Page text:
This is the message from the ND leader Antonis Samaras today, four days ahead of Sunday's elections in the country. Meanwhile, the Greeks continue to be wracked with fear and are withdrawing their savings from banks and emptying supermarket shelves.
In a message to his electorate during a press conference in Athens, Samaras repeated that his party's priorities are "to form a stable government and to keep Greece in the eurozone". The leader of ND pointed out that European leaders are open to the possibility of renegotiating the deal with which Greece obtained international aid. "I believe that we will have something to gain from the fact that Europe is changing, and in this climate of change Greece has the chance for fair negotiation". Samaras also said that he backed the position of the Italian Prime Minister, Mario Monti, who is in favour of a Europe-wide guarantee on bank deposits.
Samaras' call to electors to form a united front against the potential victory of the radical-left wing coalition Syriza - which is seen as a serious risk for Greece's stay in the eurozone - came as sources from the Greek banking sector produced an alarming revelation. The sources claim that the amount of money being withdrawn from their accounts by Greek savers lies between 500 and 800 million euros a day. Greeks fear that a victory for the left in the elections could cause the country to exit the eurozone and bring about a return to the drachma, the old Greek currency.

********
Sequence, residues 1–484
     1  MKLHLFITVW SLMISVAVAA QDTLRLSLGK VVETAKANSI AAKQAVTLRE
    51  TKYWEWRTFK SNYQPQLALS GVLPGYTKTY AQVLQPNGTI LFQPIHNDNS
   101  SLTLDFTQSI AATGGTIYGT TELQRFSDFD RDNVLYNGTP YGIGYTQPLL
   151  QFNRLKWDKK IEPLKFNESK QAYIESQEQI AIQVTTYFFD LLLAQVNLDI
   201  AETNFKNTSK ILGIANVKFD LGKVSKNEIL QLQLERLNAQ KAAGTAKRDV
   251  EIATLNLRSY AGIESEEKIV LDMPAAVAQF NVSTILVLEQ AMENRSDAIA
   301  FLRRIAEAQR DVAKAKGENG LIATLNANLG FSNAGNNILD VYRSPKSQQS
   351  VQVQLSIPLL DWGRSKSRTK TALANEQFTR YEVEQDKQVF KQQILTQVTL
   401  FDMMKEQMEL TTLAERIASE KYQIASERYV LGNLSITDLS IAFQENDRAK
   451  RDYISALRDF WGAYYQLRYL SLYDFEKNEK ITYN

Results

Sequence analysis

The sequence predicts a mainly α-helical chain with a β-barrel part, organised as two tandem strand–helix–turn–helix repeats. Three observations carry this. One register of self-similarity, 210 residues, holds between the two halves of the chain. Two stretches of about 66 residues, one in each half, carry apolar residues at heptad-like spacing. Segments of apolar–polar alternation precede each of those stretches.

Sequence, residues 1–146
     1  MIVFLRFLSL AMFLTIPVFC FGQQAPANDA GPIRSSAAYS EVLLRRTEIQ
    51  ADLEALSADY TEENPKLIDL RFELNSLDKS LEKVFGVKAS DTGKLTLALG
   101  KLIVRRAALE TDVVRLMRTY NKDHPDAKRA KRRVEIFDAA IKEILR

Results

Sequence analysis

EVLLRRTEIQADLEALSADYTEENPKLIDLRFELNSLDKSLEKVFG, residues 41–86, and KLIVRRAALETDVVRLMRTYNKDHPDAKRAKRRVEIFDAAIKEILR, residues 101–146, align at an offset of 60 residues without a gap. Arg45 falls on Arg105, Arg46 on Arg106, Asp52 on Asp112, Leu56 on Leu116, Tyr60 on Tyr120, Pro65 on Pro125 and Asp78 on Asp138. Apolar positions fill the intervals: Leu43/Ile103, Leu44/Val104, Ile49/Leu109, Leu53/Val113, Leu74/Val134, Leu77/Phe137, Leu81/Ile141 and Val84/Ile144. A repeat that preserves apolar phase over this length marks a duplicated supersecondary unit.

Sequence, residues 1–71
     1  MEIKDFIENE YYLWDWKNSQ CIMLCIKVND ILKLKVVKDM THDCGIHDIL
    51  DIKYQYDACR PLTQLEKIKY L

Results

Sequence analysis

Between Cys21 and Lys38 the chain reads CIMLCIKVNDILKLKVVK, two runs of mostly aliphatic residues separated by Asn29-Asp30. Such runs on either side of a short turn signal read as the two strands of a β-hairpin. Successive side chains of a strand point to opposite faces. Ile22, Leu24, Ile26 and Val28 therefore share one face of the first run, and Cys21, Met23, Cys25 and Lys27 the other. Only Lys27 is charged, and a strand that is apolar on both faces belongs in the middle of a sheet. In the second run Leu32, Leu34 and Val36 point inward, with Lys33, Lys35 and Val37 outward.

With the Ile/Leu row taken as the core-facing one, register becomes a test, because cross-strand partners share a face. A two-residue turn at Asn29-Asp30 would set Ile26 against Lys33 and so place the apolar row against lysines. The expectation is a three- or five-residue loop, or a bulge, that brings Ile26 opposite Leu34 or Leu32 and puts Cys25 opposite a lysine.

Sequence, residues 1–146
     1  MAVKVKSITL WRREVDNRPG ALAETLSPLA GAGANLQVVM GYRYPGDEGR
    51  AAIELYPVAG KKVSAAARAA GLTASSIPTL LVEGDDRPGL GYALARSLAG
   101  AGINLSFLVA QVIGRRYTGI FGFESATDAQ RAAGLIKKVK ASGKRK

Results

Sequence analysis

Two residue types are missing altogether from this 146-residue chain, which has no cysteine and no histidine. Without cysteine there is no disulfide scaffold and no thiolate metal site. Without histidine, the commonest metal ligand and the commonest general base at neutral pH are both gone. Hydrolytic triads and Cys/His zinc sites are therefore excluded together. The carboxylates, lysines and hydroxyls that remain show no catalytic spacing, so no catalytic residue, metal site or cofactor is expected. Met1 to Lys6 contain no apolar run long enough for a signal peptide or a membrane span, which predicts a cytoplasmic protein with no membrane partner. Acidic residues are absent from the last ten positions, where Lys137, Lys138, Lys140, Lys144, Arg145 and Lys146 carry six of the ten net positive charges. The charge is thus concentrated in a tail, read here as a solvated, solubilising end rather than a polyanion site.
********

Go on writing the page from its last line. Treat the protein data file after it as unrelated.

In the context of such fears, numerous sources have told ANSAmed that people are rushing to hoard items such as pasta, tinned food and other non perishable goods, a phenomenon that has been reported by managers of large supermarkets for days. Many people have started hoarding food for fear that, while talks are ongoing between parties to form a new government in the aftermath of Sunday's election, greater political and economic instability and even social tensions could occur.
A contributing factor to the already great uncertainty over the near future is a report that has gained ground in Athens today, according to which Greece has only 2 billion euros remaining in its state coffers, a figure that would be enough to guarantee the payment of the wages and pensions of public sector workers only until July 20. The Kathimerini newspaper was the first to report the news, which has as yet been neither confirmed nor denied by the Ministry of Finance, which in a statement released this afternoon, said only that "July's pensions are not in danger". (ANSAmed).